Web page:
Objectives Breathlessness and airflow limitation increase with age and are likely to result in work disability.
Methods A general population survey of adults in their sixth decade was carried out to examine the relationship between breathlessness, work performance, work disability, sickness absence and towards the end of working life. In a cross-sectional postal questionnaire survey of adults aged 51–60 across Kent (n=21 220, 33% response). breathlessness was reported using a modified MRC dyspnoea score, with a number of validated measures used to assess work performance and disability. A subgroup of respondents was assessed with lung function (n=1774).
Results Logistic regression showed that increased breathlessness was significantly associated with risk of poor work performance in both sexes. When analysis was adjusted for demographic, psychological and occupational factors, the relationship between breathlessness and work performance remained. Spirometry showed that men with poor work performance had a statistically significant lower mean FEV1 than those with good performance (mean (SD) 3.12L (0.75) vs 3.35L (0.62). Using spirometry data, we found that 8.9% of men and 4.3% of women had lung function that was consistent with a diagnosis of COPD; disease prevalence was markedly higher than that of reported disease (1.9% men and 0.6% women).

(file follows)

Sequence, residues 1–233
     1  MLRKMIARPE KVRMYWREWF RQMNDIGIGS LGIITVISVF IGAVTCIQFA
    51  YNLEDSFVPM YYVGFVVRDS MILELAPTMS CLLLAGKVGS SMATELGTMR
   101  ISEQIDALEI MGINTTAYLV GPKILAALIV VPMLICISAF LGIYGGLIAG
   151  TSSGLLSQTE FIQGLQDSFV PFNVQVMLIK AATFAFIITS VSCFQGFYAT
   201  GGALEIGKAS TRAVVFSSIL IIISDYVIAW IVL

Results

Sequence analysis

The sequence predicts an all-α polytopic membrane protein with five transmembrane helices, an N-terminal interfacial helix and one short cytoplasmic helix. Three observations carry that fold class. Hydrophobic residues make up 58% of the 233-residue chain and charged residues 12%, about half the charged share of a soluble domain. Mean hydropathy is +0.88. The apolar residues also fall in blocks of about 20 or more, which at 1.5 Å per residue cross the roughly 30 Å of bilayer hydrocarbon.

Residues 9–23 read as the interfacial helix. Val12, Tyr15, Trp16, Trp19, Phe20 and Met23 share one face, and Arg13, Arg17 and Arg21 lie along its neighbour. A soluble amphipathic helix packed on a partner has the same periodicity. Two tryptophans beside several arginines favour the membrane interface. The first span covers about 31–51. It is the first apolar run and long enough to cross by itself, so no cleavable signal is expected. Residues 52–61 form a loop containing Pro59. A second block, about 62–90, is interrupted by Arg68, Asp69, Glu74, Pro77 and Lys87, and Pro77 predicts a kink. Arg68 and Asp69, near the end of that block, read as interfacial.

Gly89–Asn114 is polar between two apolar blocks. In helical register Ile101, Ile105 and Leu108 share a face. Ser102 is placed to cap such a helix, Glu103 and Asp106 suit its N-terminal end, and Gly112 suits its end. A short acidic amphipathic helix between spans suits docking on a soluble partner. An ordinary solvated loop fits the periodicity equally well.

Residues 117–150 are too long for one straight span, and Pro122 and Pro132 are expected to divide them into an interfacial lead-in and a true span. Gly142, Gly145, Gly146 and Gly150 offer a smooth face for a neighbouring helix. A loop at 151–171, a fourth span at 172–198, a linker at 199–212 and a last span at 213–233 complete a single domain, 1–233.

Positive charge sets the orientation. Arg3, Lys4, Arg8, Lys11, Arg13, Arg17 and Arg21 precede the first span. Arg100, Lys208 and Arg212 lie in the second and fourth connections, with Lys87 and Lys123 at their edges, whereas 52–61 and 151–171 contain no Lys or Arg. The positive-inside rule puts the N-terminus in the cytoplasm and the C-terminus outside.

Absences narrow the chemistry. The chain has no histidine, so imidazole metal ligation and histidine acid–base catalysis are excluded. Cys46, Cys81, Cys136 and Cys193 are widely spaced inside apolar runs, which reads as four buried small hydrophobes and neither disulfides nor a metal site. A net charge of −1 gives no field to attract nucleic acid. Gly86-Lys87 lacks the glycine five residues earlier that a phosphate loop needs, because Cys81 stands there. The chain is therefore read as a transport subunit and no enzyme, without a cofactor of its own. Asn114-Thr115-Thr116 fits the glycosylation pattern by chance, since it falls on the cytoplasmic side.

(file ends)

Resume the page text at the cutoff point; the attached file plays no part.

Conclusions In a large study we found a strong relationship between breathlessness and impaired work performance in older adults, likely to be due in most part to respiratory disease, the majority of it undiagnosed, as confirmed with spirometry. From a wider perspective, it seems likely that the planned increases in pension age will lead to a more disabled UK working population.